Master Class on "Newman's Critique of Liberalism: Faith, Reason, and Antecedent Probability"
Stephen Fields, SJGeorgetown University
This master class is open to current graduate students. It will take place online on Zoom. Others interested in participating should contact us.
In his intellectual autobiography, John Henry Newman makes a bold claim that may confound our contemporary sensibility. In matters of religion, the human mind has only two consistent options: either atheism or Catholicism. Any position in-between is but a logical half-way house. Our master class will explore the relation in Newman between faith and reason that endeavors to justify this claim. In the process, we will deal with the role of probability, which would seem to be the antithesis of faith. We will also probe into liberalism which, although much admired in the west, is for Newman inimical to an authentic revelation from the Divine.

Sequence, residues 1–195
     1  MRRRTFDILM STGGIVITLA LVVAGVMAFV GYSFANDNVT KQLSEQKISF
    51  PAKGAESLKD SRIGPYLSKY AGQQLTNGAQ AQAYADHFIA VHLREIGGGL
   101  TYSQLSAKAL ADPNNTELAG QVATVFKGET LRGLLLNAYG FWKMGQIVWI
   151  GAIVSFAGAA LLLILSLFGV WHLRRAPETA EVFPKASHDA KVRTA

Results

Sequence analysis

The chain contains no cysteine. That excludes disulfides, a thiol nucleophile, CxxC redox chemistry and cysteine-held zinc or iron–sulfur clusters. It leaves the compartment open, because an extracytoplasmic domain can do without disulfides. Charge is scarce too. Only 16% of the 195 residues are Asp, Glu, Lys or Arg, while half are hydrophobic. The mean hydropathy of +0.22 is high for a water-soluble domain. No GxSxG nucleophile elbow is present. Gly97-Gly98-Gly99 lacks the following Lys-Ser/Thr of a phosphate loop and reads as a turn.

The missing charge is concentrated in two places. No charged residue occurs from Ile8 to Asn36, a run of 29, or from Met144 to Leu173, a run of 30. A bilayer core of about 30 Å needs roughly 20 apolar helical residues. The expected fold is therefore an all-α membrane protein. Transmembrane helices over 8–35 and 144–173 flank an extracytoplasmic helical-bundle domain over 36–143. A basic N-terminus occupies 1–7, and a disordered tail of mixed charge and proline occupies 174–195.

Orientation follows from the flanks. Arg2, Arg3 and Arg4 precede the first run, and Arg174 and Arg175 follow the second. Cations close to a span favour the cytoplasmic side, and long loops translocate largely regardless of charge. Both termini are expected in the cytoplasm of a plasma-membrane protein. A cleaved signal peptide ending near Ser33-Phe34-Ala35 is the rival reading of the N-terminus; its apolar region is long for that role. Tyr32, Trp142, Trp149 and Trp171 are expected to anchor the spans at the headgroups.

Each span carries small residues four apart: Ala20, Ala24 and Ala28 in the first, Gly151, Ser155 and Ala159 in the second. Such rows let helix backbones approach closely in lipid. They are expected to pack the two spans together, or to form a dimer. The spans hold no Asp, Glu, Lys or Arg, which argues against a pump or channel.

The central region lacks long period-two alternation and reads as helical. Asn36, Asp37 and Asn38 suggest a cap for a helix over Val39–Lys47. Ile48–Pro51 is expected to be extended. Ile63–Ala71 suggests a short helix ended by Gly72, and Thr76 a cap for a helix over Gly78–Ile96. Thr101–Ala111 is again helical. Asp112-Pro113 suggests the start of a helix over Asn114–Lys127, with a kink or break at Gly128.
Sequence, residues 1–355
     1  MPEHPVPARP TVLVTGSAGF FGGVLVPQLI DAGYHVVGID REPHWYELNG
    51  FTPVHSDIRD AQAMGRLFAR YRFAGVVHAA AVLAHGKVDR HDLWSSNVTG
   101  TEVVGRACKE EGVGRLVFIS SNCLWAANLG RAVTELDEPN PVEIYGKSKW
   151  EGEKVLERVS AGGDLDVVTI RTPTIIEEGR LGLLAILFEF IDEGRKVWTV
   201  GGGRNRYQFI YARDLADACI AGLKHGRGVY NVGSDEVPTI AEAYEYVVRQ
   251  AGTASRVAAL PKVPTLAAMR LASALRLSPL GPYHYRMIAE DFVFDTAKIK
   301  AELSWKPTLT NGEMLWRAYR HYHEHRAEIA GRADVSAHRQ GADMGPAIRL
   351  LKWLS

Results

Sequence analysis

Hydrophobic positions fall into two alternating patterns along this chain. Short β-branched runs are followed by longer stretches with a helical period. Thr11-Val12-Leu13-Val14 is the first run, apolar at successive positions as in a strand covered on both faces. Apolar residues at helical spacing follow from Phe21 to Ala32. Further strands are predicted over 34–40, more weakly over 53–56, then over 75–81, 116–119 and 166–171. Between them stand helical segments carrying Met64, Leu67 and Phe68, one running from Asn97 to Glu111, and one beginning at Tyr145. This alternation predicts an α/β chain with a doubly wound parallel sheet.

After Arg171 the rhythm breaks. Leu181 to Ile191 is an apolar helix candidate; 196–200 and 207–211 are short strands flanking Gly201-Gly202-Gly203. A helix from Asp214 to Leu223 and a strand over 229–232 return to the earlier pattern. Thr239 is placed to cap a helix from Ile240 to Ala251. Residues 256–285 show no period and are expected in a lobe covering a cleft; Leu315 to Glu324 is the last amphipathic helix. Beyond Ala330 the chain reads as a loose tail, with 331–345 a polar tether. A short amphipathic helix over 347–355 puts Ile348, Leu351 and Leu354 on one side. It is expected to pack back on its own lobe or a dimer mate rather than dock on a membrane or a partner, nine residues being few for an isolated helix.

- Apologia pro Vita Sua, Chapter 1: "History of My Religious Opinions up to 1833"; Chapter 5: "Position of My Mind since 1845."
- Plain and Parochial Sermons, vol. 8, number 13: "Truth Hidden When Not Sought After"
Stephen Fields, S.J. is the Hackett Family Professor in Theology in Georgetown University, where he has taught since 1993. He holds the PhD from Yale in the philosophy of religion and the STL in fundamental theology from the Weston School of Theology (now the School of Theology and Ministry, Boston College). He has written Being as Symbol: On the Origins and Development of Karl Rahner’s Metaphysics (2001), and Analogies of Transcendence: An Essay on Nature, Grace and Modernity (2016), and edited a collection of essays on the thought of Benedict XVI for a special Festschrift edition of Nova et Vetera (English edition) (2017). His articles appear in a range of international journals, both philosophical and theological. His undergraduate students elected him as the twelfth recipient of the Dorothy M. Brown Award for excellence in teaching. He now directs the Lumen Christi Institute’s annual summer seminar for graduate students on John Henry Newman.